|Quadrangle map, 1:250,000-scale||MF|
|Quadrangle map, 1:63,360-scale||C-5|
|Nearby scientific data||Find additional scientific data near this location|
|Location and accuracy||
Beach placers, related inland buried beaches, and probably related offshore marine deposits extend from the north edge of land on the Mt. Fairweather quadrangle at 59.000 and 138.164 southeasterly for about 64 miles to 58.383 and 136.889 at the head of Astrolabe Bay. The placers are interrupted by occasional inlets, especially Lituya Bay, a few bold headlands and by La Perouse glacier, but they are remarkably continuous.
The coordinates for this site are for Harbor Point on the southeast side of the entrance to Lituya Bay--the approximate center of the beach placer deposits on the Mt. Fairweather 1:250,000 quadrangle. Two individual placer deposits, immediately northwest and southeast of Lituya Bay (respectively MF041 and MF 042), are also described separately.
The deposits extend southeasterly from the Mt. Fairweather C-5 quadrangle into the B-4 and B-3 quadrangles, the latter point at the head of Astolobe Bay. They extend northwesterly into the C-6, D-6, and D-7 quadrangles, thence into the Yakutat 1:250,000 quadrangle.The presence of extensive placers in the Mt. Fairweather quadrangle was noted by MacKevett and others, 1971, p. 83, pl. 1, locations 87 and 88, also by Cobb, 1972 (MF-436), and by Kimball and others, 1978.
A series of beach placer deposits extends for about 64 miles from the north edge of the Mt. Fairweather quadrangle south to the head of Astrolobe Bay on the Mt. Fairweather B-3 quadrangle (Rossman, 1957; Rossman, 1963, B 1121-F, p. F45-47; Kimball and others, 1978, p. C28-C91). Related deposits formed at higher sea stands extend inland, in places for more than one mile. Economic production from the beaches has been limited to transient deposits rich in gold that form lenses and layers as much as 1-foot thick, especially after heavy spring and winter storms. More common economic heavy minerals, such as ilmenite, magnetite, and zircon, are enriched in layers up to several feet thick, that locally extend along the beach for miles and in widths of several hundred feet. Similar deposits are locally preserved in back beaches.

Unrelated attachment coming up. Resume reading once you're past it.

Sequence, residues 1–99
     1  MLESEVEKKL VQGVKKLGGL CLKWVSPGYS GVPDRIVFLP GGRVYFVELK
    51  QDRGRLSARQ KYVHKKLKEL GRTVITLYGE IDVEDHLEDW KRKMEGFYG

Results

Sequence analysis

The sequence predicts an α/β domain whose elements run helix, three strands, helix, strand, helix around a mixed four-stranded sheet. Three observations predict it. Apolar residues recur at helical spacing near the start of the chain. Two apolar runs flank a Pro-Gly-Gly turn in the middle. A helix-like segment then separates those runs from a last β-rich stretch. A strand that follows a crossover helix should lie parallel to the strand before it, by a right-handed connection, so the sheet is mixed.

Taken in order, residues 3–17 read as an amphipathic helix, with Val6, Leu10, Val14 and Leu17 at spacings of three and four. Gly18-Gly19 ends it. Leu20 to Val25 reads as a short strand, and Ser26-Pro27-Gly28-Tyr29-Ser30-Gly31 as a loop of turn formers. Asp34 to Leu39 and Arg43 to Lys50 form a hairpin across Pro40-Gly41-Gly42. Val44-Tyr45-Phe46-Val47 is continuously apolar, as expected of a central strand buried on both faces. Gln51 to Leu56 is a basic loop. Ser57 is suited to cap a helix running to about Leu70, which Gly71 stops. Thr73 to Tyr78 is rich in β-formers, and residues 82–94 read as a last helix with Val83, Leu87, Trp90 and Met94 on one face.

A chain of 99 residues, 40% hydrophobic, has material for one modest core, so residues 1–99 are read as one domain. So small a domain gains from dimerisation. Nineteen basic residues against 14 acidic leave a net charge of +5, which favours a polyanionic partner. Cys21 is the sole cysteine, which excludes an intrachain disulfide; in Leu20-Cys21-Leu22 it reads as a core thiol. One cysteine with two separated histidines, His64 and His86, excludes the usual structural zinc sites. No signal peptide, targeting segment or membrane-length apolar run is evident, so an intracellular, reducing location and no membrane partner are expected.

The ultimate source of heavy minerals, particularly ilmenite, magnetite, PGEs and some of the gold is in the layered mafic complexes of the Fairweather Range. Gold and other resistant minerals as zircon were also derived from other bedrock sources. Littoral processes winnowed out light minerals and left layers and lenses of black and ruby sands that contain most of the valuable dense minerals. The deposits are products of a dynamic, high-energy coastal environment, essentially single cycle (Foley and others, 1995).
The beaches range in sedimentary character from well-sorted sandy to gravelly sand to sandy cobble and sandy boulder. Dunes cover some ancient beaches in the back beach area, and forested terraces mark the location of beaches that either formed at higher sea-stands or were uplifted tectonically (Yehle, 1979).The beach deposits were exploited on a small scale from at least as early as 1894 until World War II, with lesser activity since then.
|Geologic map unit||(-137.661944763387, 58.6096500096853)|
|Mineral deposit model||Modern and fossil beach placers.|
|Age of mineralization||Holocene.|
|Workings or exploration||